Winning the millennial voteTopic: Local Government
The highest voter turnout in the British 2015 elections came from the 65+ age group (source: IPSOS Mori). Just let that sink in for a moment.
Millennials (people born between 1982 and 2000) make up a quarter of the UK population, and are predicted to hit the 17 million mark by 2019 (source: Inkling), yet this huge group is the least likely to vote.
It’s no secret that millennials are disillusioned with politics.
According to a Telefónica survey, 71% don’t believe voting makes a difference, so it’s hardly surprising that they’re not rushing to the polls.
Results are important to us, and sadly, politics isn’t a place for results. (source: Values & Capitalism)
Millennials are the most liberal generation the UK’s ever seen, and tend to have a competitive, individualist mindset (source: The Economist), but that’s not reflected in mainstream politics.
It’s a vicious circle: not voting leads to the election of MPs whose views may not represent younger voters, and the issues that they consider important (unemployment, the economy, and social equality) aren’t prioritised. So they continue to have little faith in the power of politics to enact real change.
It should be getting easier to engage with millennials…
Politicians are better able to communicate with the electorate than ever before: 90% of 18-24 year olds own a mobile phone, and check their phones on average 43 times per day (sources: Ofcom and SDL).
But in fact, turnout at the 2001 election was 59.4% – the first time this had fallen below 70% since 1918! We were back up to 66.1% for the 2015 elections, but have some way to go.
Disillusionment aside, there’s an additional hurdle in that, since 2014, nobody is automatically eligible to vote; you have to register in advance.
While you can do this relatively quickly online, 40% of Britons aren’t aware of this (source: Electoral Commission). Since millennials are already less likely to vote, making it harder to do so presents a challenge.
What’s the secret to getting younger people involved?
As a politician, you need to reflect the views of individualistic younger votes.
Do your research
Ask young people what matters to them, and make it easy for them to provide feedback. SMS Surveys work particularly well, with a 98% open rate, and a 45% response rate (source: Leads360), and help you capitalise on the almost ubiquitous use of mobile phones!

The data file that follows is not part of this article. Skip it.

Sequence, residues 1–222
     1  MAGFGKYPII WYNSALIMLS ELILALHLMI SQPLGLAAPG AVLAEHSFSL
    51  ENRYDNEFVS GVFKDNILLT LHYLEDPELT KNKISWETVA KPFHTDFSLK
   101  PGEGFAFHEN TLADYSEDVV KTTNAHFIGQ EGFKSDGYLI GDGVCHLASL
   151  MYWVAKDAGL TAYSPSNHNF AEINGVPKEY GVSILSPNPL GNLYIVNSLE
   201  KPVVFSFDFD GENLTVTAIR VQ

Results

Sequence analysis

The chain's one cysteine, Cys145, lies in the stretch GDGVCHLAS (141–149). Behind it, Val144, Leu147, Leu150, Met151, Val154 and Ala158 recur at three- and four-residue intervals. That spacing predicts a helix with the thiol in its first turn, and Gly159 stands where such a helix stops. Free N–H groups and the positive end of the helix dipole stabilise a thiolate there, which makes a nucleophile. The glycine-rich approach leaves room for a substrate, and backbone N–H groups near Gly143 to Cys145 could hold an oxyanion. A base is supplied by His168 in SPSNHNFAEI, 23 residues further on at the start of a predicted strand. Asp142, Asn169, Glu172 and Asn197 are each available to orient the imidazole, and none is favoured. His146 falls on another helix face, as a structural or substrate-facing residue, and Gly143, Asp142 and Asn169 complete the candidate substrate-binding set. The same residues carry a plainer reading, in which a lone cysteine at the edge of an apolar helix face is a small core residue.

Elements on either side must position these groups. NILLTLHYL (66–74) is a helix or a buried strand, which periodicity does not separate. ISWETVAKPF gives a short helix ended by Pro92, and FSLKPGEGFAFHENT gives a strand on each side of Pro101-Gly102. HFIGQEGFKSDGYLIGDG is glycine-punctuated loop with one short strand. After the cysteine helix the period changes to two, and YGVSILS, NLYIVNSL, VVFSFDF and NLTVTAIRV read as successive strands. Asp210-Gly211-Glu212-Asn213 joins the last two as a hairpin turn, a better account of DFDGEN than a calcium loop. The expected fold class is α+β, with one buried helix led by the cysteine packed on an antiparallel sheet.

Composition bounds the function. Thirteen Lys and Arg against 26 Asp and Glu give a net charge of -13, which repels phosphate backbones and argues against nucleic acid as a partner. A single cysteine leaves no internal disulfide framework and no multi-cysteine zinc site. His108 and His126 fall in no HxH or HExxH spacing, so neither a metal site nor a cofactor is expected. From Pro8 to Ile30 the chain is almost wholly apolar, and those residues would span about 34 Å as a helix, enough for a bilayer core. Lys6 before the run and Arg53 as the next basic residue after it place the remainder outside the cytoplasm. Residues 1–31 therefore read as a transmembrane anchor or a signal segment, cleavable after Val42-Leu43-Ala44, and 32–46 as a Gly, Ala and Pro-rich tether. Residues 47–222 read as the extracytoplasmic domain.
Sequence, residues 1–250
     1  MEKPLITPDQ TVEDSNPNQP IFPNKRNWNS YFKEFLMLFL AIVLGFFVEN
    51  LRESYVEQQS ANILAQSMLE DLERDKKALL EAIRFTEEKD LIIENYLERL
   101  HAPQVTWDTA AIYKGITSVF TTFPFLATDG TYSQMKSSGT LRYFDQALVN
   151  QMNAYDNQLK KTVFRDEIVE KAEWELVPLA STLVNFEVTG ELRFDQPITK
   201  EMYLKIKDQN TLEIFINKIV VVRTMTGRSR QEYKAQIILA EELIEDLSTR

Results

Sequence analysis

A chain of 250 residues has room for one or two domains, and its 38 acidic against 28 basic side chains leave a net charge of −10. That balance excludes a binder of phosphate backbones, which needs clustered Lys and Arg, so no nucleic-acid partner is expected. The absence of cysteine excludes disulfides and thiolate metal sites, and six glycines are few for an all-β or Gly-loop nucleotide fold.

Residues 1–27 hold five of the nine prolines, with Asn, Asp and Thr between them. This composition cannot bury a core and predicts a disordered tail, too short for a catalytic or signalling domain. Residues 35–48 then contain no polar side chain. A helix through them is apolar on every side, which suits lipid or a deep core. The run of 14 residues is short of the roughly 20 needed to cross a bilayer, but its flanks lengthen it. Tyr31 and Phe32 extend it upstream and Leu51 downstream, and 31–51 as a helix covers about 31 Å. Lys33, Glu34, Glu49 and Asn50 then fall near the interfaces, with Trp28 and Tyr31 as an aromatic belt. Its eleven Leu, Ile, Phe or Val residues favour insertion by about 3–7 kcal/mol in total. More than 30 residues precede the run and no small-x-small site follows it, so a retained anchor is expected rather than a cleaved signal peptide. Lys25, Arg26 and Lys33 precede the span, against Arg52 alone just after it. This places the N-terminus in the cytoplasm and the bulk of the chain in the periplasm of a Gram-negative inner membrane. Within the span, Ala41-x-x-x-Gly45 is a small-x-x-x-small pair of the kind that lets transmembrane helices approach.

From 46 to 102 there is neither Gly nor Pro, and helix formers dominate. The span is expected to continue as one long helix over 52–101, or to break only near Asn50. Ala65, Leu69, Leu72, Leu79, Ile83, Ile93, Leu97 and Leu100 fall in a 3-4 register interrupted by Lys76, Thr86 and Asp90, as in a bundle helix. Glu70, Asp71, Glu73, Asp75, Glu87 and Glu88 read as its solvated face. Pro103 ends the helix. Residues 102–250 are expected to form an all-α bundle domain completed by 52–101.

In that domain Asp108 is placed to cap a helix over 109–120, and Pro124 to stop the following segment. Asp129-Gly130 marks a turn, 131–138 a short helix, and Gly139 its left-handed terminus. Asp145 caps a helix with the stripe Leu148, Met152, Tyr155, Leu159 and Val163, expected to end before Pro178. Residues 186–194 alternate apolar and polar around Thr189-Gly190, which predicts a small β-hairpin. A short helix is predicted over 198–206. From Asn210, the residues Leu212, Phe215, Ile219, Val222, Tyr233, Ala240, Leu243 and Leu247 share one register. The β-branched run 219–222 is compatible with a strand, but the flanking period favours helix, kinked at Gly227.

Wherever possible, give straightforward answers
It’s exhausting watching interviewers press politicians for a yes or no answer. If you can be clear about your position, be clear.
Present a balanced argument
One side takes x position, the other takes y, and the electorate watch them slug it out, none the wiser as to the actual pros and cons. Credibility lies in the ability to acknowledge both sides of the argument, and present data-backed conclusions.
75% of millennials want to learn things in general and become smarter (source: Adweek)
An excellent example is an online survey I took as a student asking me to select the statements I most agreed with across a range of issues. The program then advised me which political party most closely shared my views (which, interestingly, wasn’t the party I had anticipated voting for!).
Use video content
90% watch digital video every month (source: eMarketer), a great medium through which to make your case.
Use social media to tell your story; why you’re passionate about certain policies and why we should care, too.
Can we help?
These tips have wider applications than politics; all organisations need to understand their customer base, present their ideas clearly, and refrain from over-stating the benefits! Esendex has several solutions for gathering customer feedback, from SMS Surveys to Mobile Journeys; try them out online or call our team on 0345 356 5758 to learn more.